levan izoria2

Levan Izoria said the practice of placing ODR agents at universities to spy on students ended in 2015. (Interpressnews.)

TBILISI, DFWatch–The conflict at Tbilisi State University (TSU) seemed to be over a few weeks ago, but now Georgian intelligence has jumped into the fray, announcing that it hasn’t had agents at TSU since the beginning of this year.

The presence of agents at TSU was one of the contentious issues that led to a week-long sit-in and corridor clashes between two opposing blocs of students – the student union and an ad hoc group of students fed up with the first group’s wasteful spending and the presence of spies.

But Levan Izoria, the deputy head of the State Security Service, said at a meeting of the human rights, judiciary and defense committees in parliament that there are no spies, or so-called ODRs, at educational facilities anymore.

Izoria confirmed that there had been spies in such institutions, but that the practice ended by the end of 2015, out of respect for the university’s autonomy.

The student union, known as Tvitmmartveloba, is not giving up its demand of the rector’s resignation for not telling students about the spies sooner — members now plan a hunger strike to promote their demand.

The other group, called Auditorium 115, also warn of a possible new wave of protests if their demands are not met.

It began in early March as a student got hold of a document which proved that the student’s union, which is financed by the university, spent money on a training course at the winter resort Bakuriani. As the protests escalated, new issues were raised and a sit-in organized at TSU’s Building No 1.

On Monday, the student’s union declared that in the evening, at least seven of their members will go on hunger strike to demand the rector’s resignation.

“We will sacrifice ourselves to restoration of justice at the university,” Bakhva Kvirikashvili said.

He explained that when Vladimer Papava became rector, former officials from the times when Eduard Shevardnadze was president in the 1990s began working at the university. The student’s union has made a list of people they want to leave TSU.

“The rector imported those people to the university, which resulted in a three-year stagnation of TSU,” Kvirikashvili said. He claims the rector didn’t do anything to defuse the situation after protests broke out.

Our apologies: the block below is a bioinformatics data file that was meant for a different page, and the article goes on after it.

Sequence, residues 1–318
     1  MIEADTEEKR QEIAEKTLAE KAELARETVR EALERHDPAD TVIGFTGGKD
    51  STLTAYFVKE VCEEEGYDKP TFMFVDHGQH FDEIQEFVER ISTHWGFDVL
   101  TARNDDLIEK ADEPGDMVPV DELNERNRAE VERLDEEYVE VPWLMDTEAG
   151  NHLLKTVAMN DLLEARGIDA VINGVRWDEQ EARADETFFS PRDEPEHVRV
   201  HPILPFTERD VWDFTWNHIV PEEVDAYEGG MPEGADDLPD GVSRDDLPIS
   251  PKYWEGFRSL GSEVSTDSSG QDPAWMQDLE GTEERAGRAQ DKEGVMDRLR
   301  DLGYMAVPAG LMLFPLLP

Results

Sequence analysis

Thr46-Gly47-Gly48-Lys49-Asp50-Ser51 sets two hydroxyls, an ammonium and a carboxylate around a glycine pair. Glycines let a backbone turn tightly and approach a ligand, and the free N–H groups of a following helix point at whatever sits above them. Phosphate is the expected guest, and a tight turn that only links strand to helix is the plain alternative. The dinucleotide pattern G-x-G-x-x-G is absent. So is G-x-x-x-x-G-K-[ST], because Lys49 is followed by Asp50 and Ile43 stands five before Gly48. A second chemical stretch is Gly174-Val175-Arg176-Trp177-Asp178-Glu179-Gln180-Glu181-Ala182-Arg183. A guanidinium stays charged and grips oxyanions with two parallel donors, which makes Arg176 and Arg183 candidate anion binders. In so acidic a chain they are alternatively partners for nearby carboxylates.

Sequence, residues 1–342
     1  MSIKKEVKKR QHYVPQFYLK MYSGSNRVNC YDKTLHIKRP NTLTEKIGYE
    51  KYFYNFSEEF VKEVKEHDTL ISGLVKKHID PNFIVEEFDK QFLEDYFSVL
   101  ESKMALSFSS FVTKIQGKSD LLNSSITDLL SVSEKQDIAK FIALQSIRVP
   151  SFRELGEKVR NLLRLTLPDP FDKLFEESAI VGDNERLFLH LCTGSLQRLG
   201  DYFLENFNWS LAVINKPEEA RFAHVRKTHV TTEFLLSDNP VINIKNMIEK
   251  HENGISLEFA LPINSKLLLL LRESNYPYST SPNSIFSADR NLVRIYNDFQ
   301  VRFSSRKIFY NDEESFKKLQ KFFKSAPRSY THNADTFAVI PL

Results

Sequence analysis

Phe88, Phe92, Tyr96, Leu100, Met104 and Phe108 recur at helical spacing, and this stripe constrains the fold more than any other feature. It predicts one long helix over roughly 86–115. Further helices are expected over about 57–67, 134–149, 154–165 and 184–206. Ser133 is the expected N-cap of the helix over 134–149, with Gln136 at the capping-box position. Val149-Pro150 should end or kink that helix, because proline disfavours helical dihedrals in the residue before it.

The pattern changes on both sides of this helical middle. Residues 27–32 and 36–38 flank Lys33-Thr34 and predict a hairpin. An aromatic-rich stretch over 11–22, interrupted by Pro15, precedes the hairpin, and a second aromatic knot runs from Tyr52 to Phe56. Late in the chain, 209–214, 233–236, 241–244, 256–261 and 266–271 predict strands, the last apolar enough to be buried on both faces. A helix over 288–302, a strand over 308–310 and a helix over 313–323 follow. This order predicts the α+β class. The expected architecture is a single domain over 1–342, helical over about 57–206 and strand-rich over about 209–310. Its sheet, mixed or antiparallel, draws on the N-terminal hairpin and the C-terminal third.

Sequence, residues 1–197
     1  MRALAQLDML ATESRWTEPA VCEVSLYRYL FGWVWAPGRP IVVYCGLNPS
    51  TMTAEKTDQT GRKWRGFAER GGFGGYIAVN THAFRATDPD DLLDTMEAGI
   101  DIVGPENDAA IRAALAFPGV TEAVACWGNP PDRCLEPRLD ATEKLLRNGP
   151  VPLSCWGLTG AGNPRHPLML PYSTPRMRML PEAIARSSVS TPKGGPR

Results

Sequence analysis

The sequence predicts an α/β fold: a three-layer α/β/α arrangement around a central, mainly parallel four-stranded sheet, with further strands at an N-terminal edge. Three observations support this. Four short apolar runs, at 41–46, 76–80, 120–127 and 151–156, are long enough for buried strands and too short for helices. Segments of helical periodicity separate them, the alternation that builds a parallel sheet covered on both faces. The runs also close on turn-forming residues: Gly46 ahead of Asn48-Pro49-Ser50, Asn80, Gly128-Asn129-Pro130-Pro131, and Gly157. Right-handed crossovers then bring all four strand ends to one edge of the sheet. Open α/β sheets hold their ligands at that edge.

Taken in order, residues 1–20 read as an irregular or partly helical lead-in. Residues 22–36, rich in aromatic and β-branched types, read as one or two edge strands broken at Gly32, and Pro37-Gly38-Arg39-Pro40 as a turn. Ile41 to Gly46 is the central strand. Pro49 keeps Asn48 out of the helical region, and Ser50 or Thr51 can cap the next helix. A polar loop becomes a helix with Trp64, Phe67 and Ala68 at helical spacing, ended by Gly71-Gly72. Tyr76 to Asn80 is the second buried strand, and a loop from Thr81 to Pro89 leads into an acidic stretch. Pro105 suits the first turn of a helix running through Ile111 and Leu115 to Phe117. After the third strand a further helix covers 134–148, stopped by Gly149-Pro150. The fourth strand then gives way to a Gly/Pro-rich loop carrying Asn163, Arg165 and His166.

In the beginning, rector Papava confirmed the allegations that the State Security Service had so-called ODRs agents at the university, working in various positions in the administration. Removing the agents was one of the demands by both sides of students, but the student’s union, known as Tvitmmartveloba, didn’t like the fact that Papava kept secret the presence of spies for three years.

The other group of protesting students, who transformed into a movement called Auditorium No 115, held a press conference on Monday. They demand a reform of the student’s union.

“We don’t care about their position. We were promised by the Education Ministry that they would carry out radical reform of the students’ representations,” they said on a press conference.

They don’t recognize today’s student union as a lawful body.

Another demand is to announce a transition period at the university, amend the law about higher education and apply election procedures for electing a rector and members of the academic council.

“We have to elect new institutions by new rules in two months.”

Students want the rector and members of the academic council to resign as soon as new reforms are carried out.

At the parliament hearing, deputy chief of counterintelligence Izoria claimed that certain people at TSU have been incorrectly named as agents.

“Before August 2015, this person was part of our staff as ODR, but after 2015 he continued carrying out his duties as secretary of the university chancellor,” he said, adding that it was prerogative of the university to keep this person on its staff.

Izoria justified the use of agents at the university by saying that there are currently many students in Georgia who come from countries which have active terrorist organizations.

“What is their goal? Why did they come here?” he asked.